Lloyds Banking Group has been cutting the compensation it pays to Payment Protection Insurance (PPI) claimants to save £60 million, the BBC has claimed.
Banks have set aside billions of pounds to deal with the PPI scandal, which saw thousands of consumers mis-sold the insurance alongside mortgages, credit cards, loans, store cards or other credit agreements.
But a BBC investigation claims some consumers who bought a single premium PPI policy they paid for upfront at the start of their policy and then successfully claimed they had been mis-sold have not been adequately refunded.
This, it alleged, was because the bank has been deducting the cost of a cheaper, regular premium policy from the compensation package on the premise the customer could have bought one of them instead.
Banks are technically allowed to use this "alternative redress" rule, according to the Financial Conduct Authority's (FCA).
A scandal in a scandal
However, Cliff D'Arcy, who used to work at Lloyds subsidiary HBOS's PPI operation, told the BBC Lloyds had saved more than £60 million over the past year by using the method.
"What's happening here is a taxpayer-sponsored bank is depriving taxpayers of their rightful compensation by using a loophole," he said.
"It's a scandal coming out of a scandal."
The Financial Ombudsman said that while complaints about alternative redress were still only small, it had had seen an increase in the number.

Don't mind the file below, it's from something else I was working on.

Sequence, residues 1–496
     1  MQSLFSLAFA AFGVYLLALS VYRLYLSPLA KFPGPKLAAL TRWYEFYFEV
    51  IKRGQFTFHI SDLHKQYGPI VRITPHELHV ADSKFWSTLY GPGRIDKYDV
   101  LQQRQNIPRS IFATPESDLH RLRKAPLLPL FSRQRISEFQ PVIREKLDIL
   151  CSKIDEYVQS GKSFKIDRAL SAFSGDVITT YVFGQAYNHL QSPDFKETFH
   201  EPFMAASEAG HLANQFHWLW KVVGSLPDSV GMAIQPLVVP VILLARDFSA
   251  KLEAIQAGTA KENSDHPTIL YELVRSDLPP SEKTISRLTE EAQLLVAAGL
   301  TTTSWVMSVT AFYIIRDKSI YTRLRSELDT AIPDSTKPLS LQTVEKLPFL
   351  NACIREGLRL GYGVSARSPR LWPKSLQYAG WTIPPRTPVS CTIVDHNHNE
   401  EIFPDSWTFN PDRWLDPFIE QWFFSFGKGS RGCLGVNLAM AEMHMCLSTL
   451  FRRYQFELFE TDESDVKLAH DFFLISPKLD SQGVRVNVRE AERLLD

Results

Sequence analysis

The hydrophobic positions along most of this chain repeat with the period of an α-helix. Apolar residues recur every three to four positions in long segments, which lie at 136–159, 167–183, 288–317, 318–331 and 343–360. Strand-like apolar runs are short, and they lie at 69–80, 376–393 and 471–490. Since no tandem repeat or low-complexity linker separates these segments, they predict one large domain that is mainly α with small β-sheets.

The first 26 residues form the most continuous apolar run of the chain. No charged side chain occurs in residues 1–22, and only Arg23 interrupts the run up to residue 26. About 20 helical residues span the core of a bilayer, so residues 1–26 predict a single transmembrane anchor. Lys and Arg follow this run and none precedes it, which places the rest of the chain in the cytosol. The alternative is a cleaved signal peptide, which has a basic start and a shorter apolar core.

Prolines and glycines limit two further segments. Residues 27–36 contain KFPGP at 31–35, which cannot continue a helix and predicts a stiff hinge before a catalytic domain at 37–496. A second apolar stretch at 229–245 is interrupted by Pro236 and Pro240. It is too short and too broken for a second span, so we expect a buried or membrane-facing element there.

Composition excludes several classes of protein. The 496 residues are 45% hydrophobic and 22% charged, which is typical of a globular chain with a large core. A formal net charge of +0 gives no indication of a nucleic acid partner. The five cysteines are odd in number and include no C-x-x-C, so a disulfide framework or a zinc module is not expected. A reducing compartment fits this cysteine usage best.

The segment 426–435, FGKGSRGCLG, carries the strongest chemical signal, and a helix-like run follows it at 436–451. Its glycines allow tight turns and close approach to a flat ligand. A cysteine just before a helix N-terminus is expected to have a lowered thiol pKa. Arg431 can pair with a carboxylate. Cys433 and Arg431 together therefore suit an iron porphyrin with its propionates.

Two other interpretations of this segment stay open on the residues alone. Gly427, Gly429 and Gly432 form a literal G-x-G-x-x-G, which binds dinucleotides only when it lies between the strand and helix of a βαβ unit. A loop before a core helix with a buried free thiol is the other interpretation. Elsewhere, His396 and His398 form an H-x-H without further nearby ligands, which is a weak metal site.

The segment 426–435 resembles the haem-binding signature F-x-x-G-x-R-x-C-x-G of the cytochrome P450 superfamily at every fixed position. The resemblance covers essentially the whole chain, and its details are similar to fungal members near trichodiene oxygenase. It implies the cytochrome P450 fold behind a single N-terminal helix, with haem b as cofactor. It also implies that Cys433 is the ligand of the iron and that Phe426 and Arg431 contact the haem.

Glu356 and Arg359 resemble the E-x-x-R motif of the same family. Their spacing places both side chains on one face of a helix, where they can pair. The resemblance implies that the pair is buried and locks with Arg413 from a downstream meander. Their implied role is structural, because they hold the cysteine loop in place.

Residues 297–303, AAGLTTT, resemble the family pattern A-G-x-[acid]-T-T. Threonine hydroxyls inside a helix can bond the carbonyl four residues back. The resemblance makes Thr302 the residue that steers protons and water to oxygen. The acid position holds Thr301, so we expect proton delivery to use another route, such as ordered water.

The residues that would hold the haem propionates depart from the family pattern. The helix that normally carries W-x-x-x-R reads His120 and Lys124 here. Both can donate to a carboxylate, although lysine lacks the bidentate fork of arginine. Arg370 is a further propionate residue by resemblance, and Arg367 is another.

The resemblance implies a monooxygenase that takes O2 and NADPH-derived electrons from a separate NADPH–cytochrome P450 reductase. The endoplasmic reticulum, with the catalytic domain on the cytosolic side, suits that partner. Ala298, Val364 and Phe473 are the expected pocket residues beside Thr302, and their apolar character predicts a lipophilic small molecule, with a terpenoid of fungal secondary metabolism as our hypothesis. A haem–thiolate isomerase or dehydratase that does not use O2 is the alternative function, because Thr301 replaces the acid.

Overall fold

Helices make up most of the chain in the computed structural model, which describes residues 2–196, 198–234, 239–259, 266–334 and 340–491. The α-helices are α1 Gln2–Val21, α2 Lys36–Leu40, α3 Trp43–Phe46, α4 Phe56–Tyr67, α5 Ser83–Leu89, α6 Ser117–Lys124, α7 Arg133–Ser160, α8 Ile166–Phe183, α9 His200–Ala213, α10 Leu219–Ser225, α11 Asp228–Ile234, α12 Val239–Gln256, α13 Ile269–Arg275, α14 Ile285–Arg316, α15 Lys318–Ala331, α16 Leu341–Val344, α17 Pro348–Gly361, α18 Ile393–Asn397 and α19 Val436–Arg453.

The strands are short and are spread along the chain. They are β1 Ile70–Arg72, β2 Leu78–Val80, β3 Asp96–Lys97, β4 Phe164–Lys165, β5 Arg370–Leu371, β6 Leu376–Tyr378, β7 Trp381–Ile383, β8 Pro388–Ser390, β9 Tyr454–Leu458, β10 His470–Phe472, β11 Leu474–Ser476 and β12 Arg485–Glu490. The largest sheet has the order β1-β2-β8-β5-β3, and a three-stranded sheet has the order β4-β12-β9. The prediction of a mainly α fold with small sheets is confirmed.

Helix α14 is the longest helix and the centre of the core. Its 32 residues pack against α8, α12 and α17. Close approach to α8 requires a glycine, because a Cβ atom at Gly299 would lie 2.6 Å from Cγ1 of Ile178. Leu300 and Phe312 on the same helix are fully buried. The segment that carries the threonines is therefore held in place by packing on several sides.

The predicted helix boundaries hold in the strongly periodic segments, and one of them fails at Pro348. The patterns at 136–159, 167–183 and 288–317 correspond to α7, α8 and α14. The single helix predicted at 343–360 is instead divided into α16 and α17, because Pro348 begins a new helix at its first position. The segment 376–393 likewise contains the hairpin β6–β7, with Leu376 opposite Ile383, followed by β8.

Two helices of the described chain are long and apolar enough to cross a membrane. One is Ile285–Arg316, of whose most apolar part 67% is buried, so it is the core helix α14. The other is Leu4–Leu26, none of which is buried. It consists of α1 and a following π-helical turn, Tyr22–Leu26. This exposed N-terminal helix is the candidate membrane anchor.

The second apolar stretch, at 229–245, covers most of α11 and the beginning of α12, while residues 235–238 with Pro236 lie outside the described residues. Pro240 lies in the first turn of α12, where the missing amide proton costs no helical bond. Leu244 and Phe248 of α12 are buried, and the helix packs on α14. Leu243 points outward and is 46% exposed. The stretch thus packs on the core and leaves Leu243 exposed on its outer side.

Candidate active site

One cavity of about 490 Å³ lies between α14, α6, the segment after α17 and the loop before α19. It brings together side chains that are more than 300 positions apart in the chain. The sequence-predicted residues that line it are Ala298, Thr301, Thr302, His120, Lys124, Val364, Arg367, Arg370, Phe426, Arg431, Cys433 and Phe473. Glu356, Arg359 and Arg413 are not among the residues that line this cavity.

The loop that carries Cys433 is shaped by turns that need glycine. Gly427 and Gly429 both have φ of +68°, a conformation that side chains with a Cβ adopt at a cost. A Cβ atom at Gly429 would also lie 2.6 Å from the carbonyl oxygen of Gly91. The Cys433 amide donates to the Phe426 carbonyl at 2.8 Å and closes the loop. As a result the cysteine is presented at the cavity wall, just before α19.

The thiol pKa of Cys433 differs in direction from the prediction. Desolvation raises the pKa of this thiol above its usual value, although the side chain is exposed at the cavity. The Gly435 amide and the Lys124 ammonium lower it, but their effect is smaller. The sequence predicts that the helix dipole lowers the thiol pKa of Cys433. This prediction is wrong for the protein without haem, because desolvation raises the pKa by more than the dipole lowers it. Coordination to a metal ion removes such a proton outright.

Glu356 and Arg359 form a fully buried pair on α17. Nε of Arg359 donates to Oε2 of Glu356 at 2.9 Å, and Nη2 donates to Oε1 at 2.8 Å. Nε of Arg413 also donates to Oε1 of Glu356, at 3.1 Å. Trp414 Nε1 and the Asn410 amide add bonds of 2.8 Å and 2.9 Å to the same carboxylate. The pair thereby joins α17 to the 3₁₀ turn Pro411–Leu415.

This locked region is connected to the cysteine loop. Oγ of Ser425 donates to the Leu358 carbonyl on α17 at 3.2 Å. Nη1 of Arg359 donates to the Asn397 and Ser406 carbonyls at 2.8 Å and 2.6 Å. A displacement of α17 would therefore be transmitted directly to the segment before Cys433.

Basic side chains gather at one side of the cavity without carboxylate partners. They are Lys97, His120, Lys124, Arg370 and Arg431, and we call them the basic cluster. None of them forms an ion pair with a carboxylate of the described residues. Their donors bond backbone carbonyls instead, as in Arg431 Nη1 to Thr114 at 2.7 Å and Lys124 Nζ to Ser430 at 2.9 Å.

A spokesman added: "If people do feel that they have not got the correct payout from their bank, they should contact the ombudsman, who can sort it out."
Lloyds told the BBC that 11% of its offers made in the fourth quarter of 2013 were made by using alternative redress.
A spokeswoman for the group said the figures represented only a tiny fraction of the claims they have dealt with.
"The numbers that have been provided to the BBC by the claims management companies, are incorrect and deeply misleading," she said.
"Over 98% of upheld PPI claims have been paid with full redress. For less than 2% of claims, we have used a formula agreed with the FCA to offer comparative redress to customers.
"The FCA handbook is very clear that in these specific circumstances, the provider should give redress that puts the customer in the position they would have been in had the customer taken the regular premium policy."